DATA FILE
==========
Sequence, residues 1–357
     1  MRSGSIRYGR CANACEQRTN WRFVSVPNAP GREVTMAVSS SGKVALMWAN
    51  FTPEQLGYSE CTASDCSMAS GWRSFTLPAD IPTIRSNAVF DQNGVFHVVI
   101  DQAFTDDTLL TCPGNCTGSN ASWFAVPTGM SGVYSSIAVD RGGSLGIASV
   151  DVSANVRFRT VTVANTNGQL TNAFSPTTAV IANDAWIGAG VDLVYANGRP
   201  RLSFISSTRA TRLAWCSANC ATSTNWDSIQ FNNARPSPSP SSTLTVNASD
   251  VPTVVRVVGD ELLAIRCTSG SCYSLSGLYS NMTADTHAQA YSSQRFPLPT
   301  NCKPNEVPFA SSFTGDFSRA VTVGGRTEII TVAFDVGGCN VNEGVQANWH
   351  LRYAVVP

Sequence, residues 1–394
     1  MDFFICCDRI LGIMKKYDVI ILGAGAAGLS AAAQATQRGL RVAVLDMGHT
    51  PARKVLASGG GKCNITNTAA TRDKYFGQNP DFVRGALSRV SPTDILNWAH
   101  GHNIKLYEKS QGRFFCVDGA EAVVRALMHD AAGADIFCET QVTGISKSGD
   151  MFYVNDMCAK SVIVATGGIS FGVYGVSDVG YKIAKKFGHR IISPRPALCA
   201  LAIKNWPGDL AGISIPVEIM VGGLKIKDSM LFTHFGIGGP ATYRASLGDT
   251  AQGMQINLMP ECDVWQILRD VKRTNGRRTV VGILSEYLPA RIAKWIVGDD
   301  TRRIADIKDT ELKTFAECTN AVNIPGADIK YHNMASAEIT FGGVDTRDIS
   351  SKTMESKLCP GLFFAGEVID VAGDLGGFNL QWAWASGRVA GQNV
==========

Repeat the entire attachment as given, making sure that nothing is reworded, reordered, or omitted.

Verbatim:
Sequence, residues 1–357
     1  MRSGSIRYGR CANACEQRTN WRFVSVPNAP GREVTMAVSS SGKVALMWAN
    51  FTPEQLGYSE CTASDCSMAS GWRSFTLPAD IPTIRSNAVF DQNGVFHVVI
   101  DQAFTDDTLL TCPGNCTGSN ASWFAVPTGM SGVYSSIAVD RGGSLGIASV
   151  DVSANVRFRT VTVANTNGQL TNAFSPTTAV IANDAWIGAG VDLVYANGRP
   201  RLSFISSTRA TRLAWCSANC ATSTNWDSIQ FNNARPSPSP SSTLTVNASD
   251  VPTVVRVVGD ELLAIRCTSG SCYSLSGLYS NMTADTHAQA YSSQRFPLPT
   301  NCKPNEVPFA SSFTGDFSRA VTVGGRTEII TVAFDVGGCN VNEGVQANWH
   351  LRYAVVP

Sequence, residues 1–394
     1  MDFFICCDRI LGIMKKYDVI ILGAGAAGLS AAAQATQRGL RVAVLDMGHT
    51  PARKVLASGG GKCNITNTAA TRDKYFGQNP DFVRGALSRV SPTDILNWAH
   101  GHNIKLYEKS QGRFFCVDGA EAVVRALMHD AAGADIFCET QVTGISKSGD
   151  MFYVNDMCAK SVIVATGGIS FGVYGVSDVG YKIAKKFGHR IISPRPALCA
   201  LAIKNWPGDL AGISIPVEIM VGGLKIKDSM LFTHFGIGGP ATYRASLGDT
   251  AQGMQINLMP ECDVWQILRD VKRTNGRRTV VGILSEYLPA RIAKWIVGDD
   301  TRRIADIKDT ELKTFAECTN AVNIPGADIK YHNMASAEIT FGGVDTRDIS
   351  SKTMESKLCP GLFFAGEVID VAGDLGGFNL QWAWASGRVA GQNV